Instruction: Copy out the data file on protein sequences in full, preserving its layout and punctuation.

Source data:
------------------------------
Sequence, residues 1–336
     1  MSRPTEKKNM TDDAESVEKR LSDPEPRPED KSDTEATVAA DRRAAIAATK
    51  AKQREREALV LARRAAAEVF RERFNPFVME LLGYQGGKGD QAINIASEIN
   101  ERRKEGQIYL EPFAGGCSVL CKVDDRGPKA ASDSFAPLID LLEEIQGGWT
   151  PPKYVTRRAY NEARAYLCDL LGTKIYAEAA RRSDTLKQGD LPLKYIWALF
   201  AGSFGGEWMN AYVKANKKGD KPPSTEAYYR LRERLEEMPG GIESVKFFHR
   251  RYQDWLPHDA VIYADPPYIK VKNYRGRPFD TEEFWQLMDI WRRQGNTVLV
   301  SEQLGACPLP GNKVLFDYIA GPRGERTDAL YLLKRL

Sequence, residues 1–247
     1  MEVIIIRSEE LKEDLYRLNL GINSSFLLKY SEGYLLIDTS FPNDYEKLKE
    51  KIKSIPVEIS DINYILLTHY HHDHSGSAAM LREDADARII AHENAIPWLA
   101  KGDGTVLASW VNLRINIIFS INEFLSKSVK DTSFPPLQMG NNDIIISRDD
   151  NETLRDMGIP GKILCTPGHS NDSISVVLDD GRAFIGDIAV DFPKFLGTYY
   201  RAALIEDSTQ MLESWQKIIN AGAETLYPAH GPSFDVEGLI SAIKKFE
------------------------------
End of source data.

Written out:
Sequence, residues 1–336
     1  MSRPTEKKNM TDDAESVEKR LSDPEPRPED KSDTEATVAA DRRAAIAATK
    51  AKQREREALV LARRAAAEVF RERFNPFVME LLGYQGGKGD QAINIASEIN
   101  ERRKEGQIYL EPFAGGCSVL CKVDDRGPKA ASDSFAPLID LLEEIQGGWT
   151  PPKYVTRRAY NEARAYLCDL LGTKIYAEAA RRSDTLKQGD LPLKYIWALF
   201  AGSFGGEWMN AYVKANKKGD KPPSTEAYYR LRERLEEMPG GIESVKFFHR
   251  RYQDWLPHDA VIYADPPYIK VKNYRGRPFD TEEFWQLMDI WRRQGNTVLV
   301  SEQLGACPLP GNKVLFDYIA GPRGERTDAL YLLKRL

Sequence, residues 1–247
     1  MEVIIIRSEE LKEDLYRLNL GINSSFLLKY SEGYLLIDTS FPNDYEKLKE
    51  KIKSIPVEIS DINYILLTHY HHDHSGSAAM LREDADARII AHENAIPWLA
   101  KGDGTVLASW VNLRINIIFS INEFLSKSVK DTSFPPLQMG NNDIIISRDD
   151  NETLRDMGIP GKILCTPGHS NDSISVVLDD GRAFIGDIAV DFPKFLGTYY
   201  RAALIEDSTQ MLESWQKIIN AGAETLYPAH GPSFDVEGLI SAIKKFE